CHAPTER ONE: Part Two
That said, my second memory around the same period is of her lying at the bottom of the stairs in a navy blue satin robe with rose piping, whimpering. My dad had pushed her. That is all I remember however. My sister Beth has no recollection of the incident, although she does recall my father beating up my mother at that early stage of their marriage.
From what I can determine, the Nelson’s lived in New Richmond for about 6 years. Unfortunately, it remains a sketchy period for piecing together family history. What I can figure out – mostly from various accounts retold by family members now deceased - Kenny and Betty Mae moved to New Richmond soon after they married. However, they were surely seeing one another before my brother Skip was born, which means they were a couple when my mother worked as a black-jack dealer in Reno, while waiting for her divorce to be finalized. Although, I doubt my dad joined her there.
I know that Beth was sent to San Francisco to live with Nana and Bumpa during my mom’s sojourn in Nevada. And I believe my dad continued working as a shoe salesman at a department store in downtown St. Paul while mom was away. Skip was 3 years older than me; therefore the year of the divorce had to be 1946. This timeline makes more sense, since, soon after my mother’s return from Reno, Skip was born. According to my father’s account, he was present for Skip’s birth.
Though dad never adopted Skip, he often tried to prove his love for him by repeating the story of how he had been there for my mom during his difficult birth. (This was because, so the tale went, the rotten first husband had deserted her.) Dad also claimed to be responsible for naming my brother “Skip”. We all had been told this story over and over, until it became fact. Oddly enough, my brother was given the same name as his father, Robert, although mom insisted he had been named for her brother Robert – not his father. At any rate, the reason Skip was given that name should have been obvious, yet for our family, it became sort of a multiple choice answer, depending on the condition of my dad when he told the story. Thus, any of the following explanations might apply.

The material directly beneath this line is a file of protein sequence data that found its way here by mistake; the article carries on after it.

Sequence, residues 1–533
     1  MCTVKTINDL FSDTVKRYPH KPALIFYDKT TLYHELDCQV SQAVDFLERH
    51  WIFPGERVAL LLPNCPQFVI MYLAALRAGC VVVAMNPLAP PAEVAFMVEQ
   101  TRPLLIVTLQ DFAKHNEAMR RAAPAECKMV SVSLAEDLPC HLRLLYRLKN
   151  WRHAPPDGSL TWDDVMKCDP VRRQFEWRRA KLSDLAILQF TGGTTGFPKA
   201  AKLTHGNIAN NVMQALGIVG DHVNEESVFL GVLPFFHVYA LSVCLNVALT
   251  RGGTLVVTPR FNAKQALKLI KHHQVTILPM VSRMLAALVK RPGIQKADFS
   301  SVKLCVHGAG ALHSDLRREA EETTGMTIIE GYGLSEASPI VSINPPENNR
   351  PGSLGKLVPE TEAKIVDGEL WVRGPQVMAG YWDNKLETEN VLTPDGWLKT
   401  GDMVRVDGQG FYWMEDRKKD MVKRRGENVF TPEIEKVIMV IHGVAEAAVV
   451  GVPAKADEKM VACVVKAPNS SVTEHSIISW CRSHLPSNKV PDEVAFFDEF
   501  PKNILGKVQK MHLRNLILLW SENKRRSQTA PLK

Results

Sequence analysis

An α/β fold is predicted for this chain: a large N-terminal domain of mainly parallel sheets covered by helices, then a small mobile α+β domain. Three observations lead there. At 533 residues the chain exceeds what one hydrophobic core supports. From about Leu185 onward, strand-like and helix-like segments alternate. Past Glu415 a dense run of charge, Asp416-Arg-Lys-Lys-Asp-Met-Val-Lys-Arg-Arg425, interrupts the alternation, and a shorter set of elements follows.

A) The birth was difficult but the strong baby boy “Skipped” into life.
B) He was such a little commander; he was just like a “Skipper” on a ship.
C) My dad didn’t name him and may not have been at the birth.
D) My mother and dad called him Skip so she wouldn’t have to call him “Bob” like his real dad.
E) Who knows – they lied about everything.
Okay, so at some point, maybe a few months after Skip was born, Betty and Kenny were married at the courthouse in downtown St. Paul. They and the wedding party then drove up the hill to the Cathedral to have their wedding photos shot there. I know this because they had a photo, just one photo. Of course, I don’t really know if they had simply posed on the steps of the Cathedral on another occasion, only to represent the same photo in later years as a wedding picture. Whatever the case, when I happened across the photo, my mom passed it off as from her wedding day. I suppose I was about 6 or 7 years old when I asked about the picture. I clearly recall asking her why she hadn’t been wearing a wedding dress, and she quietly explained it had been fashionable at the time to get married in a suit. (This would hold true during war time and in cases when the bride couldn’t afford a gown.)
Obviously impressed my parents had been married in such a grand church, I pressed mom for more details. I wanted to know where all the pictures from inside the Church were. She quickly stated the priest did not allow photos in the Church. (That was probably true for the time as well.) Excited about anything to do with the Catholic Church and sacraments, I eagerly asked if the Archbishop had married them. Suddenly, exasperated with my incessant questions, she grabbed the photo from me and shouted, “That’s it! I will not be brow beaten like this! Get outside!” Shortly after that, Beth explained to Skip and I how it came to be that she and my brother had a different dad. That day Beth taught us the definition of divorce and how it applied to mom. She did her best to explain why they could not be married in the Catholic Church, which meant they lied about the Cathedral wedding and had really married before a Justice of the Peace instead. Then looking at me, knowing how religious I was, she added that they were probably going to hell too, all because they got married outside of the Church. But I’m jumping way ahead here.